Voted "Yes" Forbes voted in support of HR 624 - the Cyber Intelligence Sharing and Protection Act. The bill passed the House on April 18, 2013, with a vote of 288 - 127. The bill would allow federal intelligence agencies to share cybersecurity intelligence and information with private entities and utilities.[7] The bill was largely supported by Republicans but divided the Democratic Party.[6]

Economy

Government shutdown
See also: United States budget debate, 2013#Government Shutdown and Default Prevention Act

Forbes has asked for his pay to be withheld during the shutdown.[8]

Paul Ryan Budget Proposal

Nay3.png In March 2013 the Republican controlled House passed the budget proposal set out by Wisconsin Rep. Paul Ryan (R) for the third straight year.[9] However, not all Republican representatives voted in favor of the proposal.[9] Forbes was one of the 10 Republican Representatives who voted against Ryan's budget proposal.[9]

The proposal was killed after being voted down in the U.S. Senate with a 40-59 vote.[10]

The proposal would have cut about $5 trillion over the next decade and aimed to balance the budget by the end of the 10-year period.[9] The 2013 bill had opposition from 10 Republicans — the same number that voted against it in 2012. In 2011 only four Republicans cast a vote in opposition.[9] Democrats have unanimously voted against the bill every year.[9]

Farm Bill
See also: United States Farm Bill 2013

Voted "Yes" Forbes supported the July 11, 2013 Farm Bill. The bill passed in a 216-208 vote.[11] The bill passed included farm policy, but did not include food stamps.[12]

Immigration

Morton Memos Enforcement Prohibition

Voted "Yes" Forbes supported House Amendment 136 - Prohibits the Enforcement of the Immigration Executive Order. The amendment was adopted by the House on June 6, 2013, with a vote of 224 - 201. The purpose of the amendment as stated on the official text is to "prohibit the use of funds to finalize, implement, administer, or enforce the Morton Memos." These memos would have granted administrative amnesty to certain illegal aliens residing in the United States.[13] The vote largely followed party lines.[14]

Healthcare

Social issues

Previous congressional sessions

Fiscal Cliff

Voted "No" Forbes voted against the fiscal cliff compromise bill, which made permanent most of the Bush tax cuts originally passed in 2001 and 2003 while also raising tax rates on the highest income levels. He was 1 of 151 Republicans that voted against the bill. The bill was passed in the House by a 257 - 167 vote on January 1, 2013.[15]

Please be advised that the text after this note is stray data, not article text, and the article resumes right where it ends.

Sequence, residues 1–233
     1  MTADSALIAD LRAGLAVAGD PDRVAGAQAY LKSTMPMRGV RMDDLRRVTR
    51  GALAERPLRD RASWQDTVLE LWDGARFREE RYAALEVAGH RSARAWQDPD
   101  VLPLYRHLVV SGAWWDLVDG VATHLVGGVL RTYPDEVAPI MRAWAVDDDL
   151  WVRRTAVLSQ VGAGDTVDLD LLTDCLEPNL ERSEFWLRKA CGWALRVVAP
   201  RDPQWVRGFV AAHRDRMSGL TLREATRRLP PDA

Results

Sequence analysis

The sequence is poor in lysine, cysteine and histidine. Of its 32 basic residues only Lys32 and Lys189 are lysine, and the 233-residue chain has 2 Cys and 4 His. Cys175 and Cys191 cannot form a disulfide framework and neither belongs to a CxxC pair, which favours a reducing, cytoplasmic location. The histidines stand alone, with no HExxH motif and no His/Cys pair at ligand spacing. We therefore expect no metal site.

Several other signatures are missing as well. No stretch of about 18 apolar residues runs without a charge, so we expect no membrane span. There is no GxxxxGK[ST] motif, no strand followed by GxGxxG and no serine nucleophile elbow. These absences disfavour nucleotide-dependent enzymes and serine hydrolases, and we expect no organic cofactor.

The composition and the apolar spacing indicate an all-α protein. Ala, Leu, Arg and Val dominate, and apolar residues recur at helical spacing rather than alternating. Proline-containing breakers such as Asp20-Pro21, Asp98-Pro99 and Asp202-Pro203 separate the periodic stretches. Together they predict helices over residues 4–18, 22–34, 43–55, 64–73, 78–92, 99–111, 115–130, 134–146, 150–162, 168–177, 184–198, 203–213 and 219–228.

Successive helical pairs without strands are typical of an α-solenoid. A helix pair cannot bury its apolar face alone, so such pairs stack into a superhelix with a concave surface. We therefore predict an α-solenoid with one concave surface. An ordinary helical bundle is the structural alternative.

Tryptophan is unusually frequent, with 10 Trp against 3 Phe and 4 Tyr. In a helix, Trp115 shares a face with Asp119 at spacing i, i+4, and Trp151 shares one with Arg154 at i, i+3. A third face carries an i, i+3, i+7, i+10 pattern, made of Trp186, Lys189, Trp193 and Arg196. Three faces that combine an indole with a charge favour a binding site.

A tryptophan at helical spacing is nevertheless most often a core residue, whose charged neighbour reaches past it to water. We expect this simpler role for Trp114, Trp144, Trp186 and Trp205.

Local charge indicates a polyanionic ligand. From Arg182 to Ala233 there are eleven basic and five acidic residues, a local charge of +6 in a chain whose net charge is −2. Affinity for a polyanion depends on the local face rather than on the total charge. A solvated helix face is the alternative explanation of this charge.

House Judiciary Committee

Congressman Forbes was first appointed to the House Judiciary Committee in the 107th Congress which was from 2001 to 2003.[16] Congressman Forbes has served on the committee continuously throughout this entire Congressional career.[17] [18] [19] [20]

Campaign themes

2012

According to Forbes' website, some of his campaign themes included:

  • Economy: "...supported taking bold action on energy and gas prices...placing consumer safeguards in our mortgage lending industry, increasing financial literacy in our schools and communities, and increasing access and affordability of health care."
  • Energy: "supports a tax policy that better encourages energy innovation at the manufacturing level and energy conservation at the consumer level."
  • Healthcare: "...need to create real, free market competition in our health care system that would allow individuals to purchase the insurance plan that is most affordable for them..."[21]

Elections

2012

See also: Virginia's 4th congressional district elections, 2012

Forbes won re-election in 2012. He defeated Bonnie Girard in the Republican primary and Ella Ward (D) in the November 6, 2012 general election.[22][23][24]

U.S. House, Virginia District 4 General Election, 2012
Party Candidate Vote % Votes
     Democratic Ella Ward 42.9% 150,190
     Republican Green check mark transparent.pngRandy Forbes Incumbent 56.9% 199,292
     Write-In N/A 0.2% 564
Total Votes 350,046
Source: Virginia State Board of Elections "Official Election Results, 2012 General Election"
U.S. House, Virginia's 4th Congressional District Republican Primary, 2012
Candidate Vote % Votes
Green check mark transparent.pngRandy Forbes Incumbent 89.7% 26,294
Bonnie Girard 10.3% 3,017
Total Votes 29,311

Full history


Campaign donors